As for lying, it is the act of giving information which defies the actual state of the matter, distorting the undisputed fact and manufacturing a different matter altogether from the actual state. Put simply, lying is when you don’t tell someone the actual state of a thing or a matter.
Now let’s go to the part about identifying when an act is not lying.
Firstly, I’m not lying to you if I don’t give my opinion concerning you or anything else because there was nothing to say in the first place that could’ve been said to have departed from the actual state of a matter.
Secondly, I’m also not lying when I don’t tell you something in its entirety. I’m merely not supplying you with sufficient information. Similarly, I’m not lying when I imagine or when I speak of something in hope because there is no real standard to define whether my subjective imagination is wrong or not.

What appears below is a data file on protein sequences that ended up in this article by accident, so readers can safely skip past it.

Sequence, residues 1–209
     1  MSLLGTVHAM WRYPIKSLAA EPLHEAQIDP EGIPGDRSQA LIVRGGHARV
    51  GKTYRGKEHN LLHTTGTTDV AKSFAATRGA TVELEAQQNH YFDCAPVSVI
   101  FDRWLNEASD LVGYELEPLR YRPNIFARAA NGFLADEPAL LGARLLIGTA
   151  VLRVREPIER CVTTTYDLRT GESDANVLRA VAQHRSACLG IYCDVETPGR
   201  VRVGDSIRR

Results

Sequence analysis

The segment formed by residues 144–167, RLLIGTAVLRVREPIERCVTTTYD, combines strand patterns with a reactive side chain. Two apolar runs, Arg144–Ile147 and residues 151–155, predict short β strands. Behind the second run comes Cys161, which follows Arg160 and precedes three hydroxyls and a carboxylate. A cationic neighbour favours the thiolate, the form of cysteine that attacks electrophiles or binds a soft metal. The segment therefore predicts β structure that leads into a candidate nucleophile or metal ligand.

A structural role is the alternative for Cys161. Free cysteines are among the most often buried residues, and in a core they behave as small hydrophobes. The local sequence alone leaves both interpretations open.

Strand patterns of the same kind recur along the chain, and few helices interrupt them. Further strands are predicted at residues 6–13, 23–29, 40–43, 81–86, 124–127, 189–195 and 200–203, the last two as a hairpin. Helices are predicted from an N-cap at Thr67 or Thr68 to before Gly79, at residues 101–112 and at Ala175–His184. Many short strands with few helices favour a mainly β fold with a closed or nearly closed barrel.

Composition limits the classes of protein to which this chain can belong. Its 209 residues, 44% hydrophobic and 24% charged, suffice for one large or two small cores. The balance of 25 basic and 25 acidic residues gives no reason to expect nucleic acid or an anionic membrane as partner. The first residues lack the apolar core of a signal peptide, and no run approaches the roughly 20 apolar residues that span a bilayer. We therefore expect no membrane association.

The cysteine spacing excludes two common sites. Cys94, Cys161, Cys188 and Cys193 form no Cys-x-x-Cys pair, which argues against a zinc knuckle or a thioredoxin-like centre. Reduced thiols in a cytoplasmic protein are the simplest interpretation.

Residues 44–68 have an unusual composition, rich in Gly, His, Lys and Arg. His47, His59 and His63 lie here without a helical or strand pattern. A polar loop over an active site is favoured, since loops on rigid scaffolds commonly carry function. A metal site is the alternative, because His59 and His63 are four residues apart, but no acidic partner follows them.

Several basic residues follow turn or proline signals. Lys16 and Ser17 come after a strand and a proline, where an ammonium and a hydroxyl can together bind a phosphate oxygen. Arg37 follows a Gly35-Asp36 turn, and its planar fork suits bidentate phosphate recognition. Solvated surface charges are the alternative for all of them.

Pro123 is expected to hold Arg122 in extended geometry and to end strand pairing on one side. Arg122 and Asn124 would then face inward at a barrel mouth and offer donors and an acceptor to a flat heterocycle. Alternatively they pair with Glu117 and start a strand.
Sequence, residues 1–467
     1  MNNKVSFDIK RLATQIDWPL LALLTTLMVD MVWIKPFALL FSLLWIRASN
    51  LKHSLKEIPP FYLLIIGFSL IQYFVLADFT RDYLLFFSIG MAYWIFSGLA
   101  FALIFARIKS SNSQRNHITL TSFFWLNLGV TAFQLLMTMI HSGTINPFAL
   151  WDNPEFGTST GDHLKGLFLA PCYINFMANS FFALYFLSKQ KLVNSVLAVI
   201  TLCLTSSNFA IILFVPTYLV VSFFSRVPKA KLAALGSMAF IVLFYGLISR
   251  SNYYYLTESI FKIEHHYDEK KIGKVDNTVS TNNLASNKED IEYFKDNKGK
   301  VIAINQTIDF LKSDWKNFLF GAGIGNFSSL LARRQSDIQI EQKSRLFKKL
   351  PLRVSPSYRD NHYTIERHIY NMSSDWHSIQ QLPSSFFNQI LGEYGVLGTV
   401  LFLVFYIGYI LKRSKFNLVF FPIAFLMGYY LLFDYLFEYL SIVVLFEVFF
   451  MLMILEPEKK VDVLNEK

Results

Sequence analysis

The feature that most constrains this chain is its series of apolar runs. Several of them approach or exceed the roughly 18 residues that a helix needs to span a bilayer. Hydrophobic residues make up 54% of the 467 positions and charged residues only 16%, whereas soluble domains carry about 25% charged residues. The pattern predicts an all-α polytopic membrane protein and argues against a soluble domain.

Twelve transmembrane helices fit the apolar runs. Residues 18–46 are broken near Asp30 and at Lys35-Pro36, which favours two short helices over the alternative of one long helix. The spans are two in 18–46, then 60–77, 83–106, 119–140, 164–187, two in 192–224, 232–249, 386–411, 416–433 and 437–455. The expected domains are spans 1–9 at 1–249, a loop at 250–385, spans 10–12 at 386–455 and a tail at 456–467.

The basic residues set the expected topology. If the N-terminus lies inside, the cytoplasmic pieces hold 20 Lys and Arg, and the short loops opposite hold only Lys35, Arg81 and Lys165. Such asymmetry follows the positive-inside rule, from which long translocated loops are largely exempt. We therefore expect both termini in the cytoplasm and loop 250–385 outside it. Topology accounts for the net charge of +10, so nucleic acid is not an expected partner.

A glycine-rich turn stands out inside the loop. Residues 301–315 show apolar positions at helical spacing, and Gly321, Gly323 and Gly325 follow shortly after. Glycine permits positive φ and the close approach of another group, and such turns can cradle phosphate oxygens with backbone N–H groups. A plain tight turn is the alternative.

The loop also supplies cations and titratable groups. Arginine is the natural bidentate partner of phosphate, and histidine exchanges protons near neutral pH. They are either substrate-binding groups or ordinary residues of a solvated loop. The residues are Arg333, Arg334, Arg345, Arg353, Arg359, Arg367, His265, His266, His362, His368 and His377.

I couldn’t help but to disagree a lot on the concept of truth and lies when I watched The Invention of Lying. I still hold the view that it isn’t possible for the world to be defined purely in black and white. Such a simplistic notion insults our intelligence, mocks our ability to think creatively and is an affront to our ability to wisely discern between what’s true and what isn’t. These instances were demonstrated perfectly in the movie by dim-witted characters who couldn’t decide on simple matters such as which acts were considered right and wrong.
All in all, the movie reflects a lot of the world as we know it. What we know to be the truth (or untruth) and what we regard as right or wrong are all ideas (some skewed) that we’ve inherited from our predecessors and which we pass on to the generation after us, and so on.